- The only Competizione-specification 365 GTB/4 built as a spider
- Showcased by Michelotti at the 1975 Geneva Motor Show
- Entered in the 1975 24 Hours of Le Mans and competed in the 1978 24 Hours of Daytona
- Full 365 GTB/4 Group IV Competition engine installed prior to the 1975 24 Hours of Le Mans
- Multi-year competitor at the Ferrari Historic Challenge, Tour Auto, and Le Mans Classic
- Hugely eligible worldwide for both concours and historic racing events
- Without a doubt one of the most recognizable and significant Ferraris of its era
Geneva. Le Mans. Daytona. The North American Racing Team. It is hard to think of four more significant descriptors in the Ferrari world. Only a handful of cars to bear the Cavallino Rampante can claim a direct association to one of them, precious few to more than one, and perhaps just a single car exists today that has been to the Geneva Motor Show, the 24 Hours of Le Mans, the 24 Hours of Daytona, and campaigned by Luigi Chinetti’s North American Racing Team: the 1972 Ferrari 365 GTB/4 Spider Competizione by Michelotti.
In order to understand the significance of this particular car, it is important to discuss it within the scope of siblings. Four 365 GTB/4 Spiders were rebodied by Michelotti at the request of Chinetti for NART: one in 1974, the car presented here, chassis no. 15965 built in 1975, and two built in 1980. That first car was unveiled at the Turin Motor Show in 1974 and featured a Targa style top with cut down doors, molded bumpers, and pop-up headlamps. The 1980 cars were styled in a similar fashion, but slightly more restrained in design.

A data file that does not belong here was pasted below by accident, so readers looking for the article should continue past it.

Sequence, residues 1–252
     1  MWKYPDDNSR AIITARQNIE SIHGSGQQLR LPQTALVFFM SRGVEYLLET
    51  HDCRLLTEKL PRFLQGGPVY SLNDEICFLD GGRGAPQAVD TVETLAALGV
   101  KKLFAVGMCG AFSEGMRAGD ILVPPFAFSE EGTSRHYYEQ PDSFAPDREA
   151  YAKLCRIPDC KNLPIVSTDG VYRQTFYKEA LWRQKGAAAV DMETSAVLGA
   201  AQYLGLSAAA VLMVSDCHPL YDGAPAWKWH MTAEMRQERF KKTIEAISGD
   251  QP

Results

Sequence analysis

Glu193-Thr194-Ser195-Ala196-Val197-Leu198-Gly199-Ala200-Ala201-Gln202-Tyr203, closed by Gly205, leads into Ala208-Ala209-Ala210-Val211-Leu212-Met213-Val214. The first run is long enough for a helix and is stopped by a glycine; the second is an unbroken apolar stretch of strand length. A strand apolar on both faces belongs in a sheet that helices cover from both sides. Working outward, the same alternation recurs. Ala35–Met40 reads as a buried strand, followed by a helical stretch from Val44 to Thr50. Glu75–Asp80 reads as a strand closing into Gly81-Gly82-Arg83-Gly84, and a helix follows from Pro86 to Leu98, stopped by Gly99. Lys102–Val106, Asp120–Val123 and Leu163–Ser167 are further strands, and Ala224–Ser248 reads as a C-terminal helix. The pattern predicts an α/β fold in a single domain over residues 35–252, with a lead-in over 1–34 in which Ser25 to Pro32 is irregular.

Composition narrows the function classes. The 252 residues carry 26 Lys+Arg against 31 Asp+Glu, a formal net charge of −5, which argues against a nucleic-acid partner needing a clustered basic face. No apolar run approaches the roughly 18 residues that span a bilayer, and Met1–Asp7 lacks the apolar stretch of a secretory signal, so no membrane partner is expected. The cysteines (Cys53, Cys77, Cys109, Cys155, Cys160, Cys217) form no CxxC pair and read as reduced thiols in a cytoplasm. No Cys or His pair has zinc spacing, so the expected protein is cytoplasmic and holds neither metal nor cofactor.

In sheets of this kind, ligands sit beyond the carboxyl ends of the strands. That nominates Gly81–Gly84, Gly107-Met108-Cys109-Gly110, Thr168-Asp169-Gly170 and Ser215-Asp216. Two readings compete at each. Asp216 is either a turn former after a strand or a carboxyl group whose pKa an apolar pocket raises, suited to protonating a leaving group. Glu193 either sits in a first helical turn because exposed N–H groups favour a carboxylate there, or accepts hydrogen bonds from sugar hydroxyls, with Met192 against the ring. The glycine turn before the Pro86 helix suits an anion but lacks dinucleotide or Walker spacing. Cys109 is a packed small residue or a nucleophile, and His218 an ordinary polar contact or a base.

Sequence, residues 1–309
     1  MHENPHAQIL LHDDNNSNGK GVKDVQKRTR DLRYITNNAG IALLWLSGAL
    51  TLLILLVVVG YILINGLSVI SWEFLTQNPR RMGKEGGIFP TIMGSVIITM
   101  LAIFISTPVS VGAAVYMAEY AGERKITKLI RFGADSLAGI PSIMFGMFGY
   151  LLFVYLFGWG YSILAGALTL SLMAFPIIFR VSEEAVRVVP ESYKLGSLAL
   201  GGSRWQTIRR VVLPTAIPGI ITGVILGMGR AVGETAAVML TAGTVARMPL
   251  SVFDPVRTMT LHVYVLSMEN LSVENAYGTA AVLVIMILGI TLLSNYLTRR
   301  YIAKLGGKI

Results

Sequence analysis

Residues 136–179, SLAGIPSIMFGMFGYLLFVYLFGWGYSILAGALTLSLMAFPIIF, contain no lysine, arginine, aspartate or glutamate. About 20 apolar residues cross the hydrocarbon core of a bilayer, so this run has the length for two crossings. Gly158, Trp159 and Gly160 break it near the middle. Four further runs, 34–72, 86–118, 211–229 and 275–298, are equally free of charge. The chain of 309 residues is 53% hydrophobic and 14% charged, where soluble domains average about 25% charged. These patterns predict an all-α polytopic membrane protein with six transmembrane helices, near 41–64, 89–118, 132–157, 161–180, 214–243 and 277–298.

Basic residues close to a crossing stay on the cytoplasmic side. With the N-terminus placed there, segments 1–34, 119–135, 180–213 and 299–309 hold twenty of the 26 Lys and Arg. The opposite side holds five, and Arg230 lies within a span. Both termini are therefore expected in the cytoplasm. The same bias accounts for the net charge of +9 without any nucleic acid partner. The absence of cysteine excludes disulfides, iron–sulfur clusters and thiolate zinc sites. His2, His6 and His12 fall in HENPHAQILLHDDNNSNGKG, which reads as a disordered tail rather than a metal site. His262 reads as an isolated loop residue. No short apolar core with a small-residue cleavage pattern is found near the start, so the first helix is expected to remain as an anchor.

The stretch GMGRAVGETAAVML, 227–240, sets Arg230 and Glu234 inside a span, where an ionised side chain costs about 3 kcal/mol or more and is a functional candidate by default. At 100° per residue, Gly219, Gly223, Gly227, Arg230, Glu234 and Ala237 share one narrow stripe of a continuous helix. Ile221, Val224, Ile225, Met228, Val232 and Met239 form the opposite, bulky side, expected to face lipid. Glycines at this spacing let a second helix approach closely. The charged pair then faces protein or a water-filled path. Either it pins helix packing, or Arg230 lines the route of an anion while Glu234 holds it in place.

This second Michelotti Spider is arguably the most exciting and interesting of the lot. The basis for this project would be a standard, European-delivery 1972 Ferrari 365 GTB/4 Daytona, a type-A specification Daytona fitted with air conditioning. Chinetti specifically sought a car to compete in Le Mans, chasing victory at the fabled race some 10 years after his team had clinched the last overall victory for Ferrari in 1965. Like the first car, chassis no. 15965 also boasted rollbar and Targa top, to ensure greater structural rigidity. Interestingly enough, this would be the last dual-purpose Ferrari racer designed from scratch.
After the completion of the conversion in early 1975, chassis no. 15965 was shown at that year’s Geneva Motor Show as the star of Michelotti’s stand, finished in an unusual and eye-catching red, white, and blue livery. Immediately thereafter, the car was shipped to Diena in Modena to be prepared for Le Mans. There, its original engine was replaced with a competition-spec Group IV Daytona engine from chassis no. 15685, which boasted high-lift camshafts, racing headers, and a higher compression ratio, and was fitted with side-mounted exhausts. This is the same engine that piloted that particular Daytona to a 6th overall and 2nd in class at the 1972 24 Hours of Le Mans.
Chinetti arrived at Le Mans in 1975 with three other cars in addition to the 365 GTB/4 Michelotti: a standard Group IV Daytona, a highly modified 308 GT4, and a 365 GT/4 BB. As part of the GTX class, the 365 GTB/4 Michelotti qualified for the race with a lap time of 4:31:08 with Jean Pierre Malcher and co-driver Patrick Langlois. Unfortunately, politics took hold and the ACO and Chinetti became involved in an argument over the qualification of the 308 GT4. Furious and feeling as if he had been disrespected by the organizers despite his history with the event, Chinetti withdrew his entire team from the race just 88 minutes prior to the start.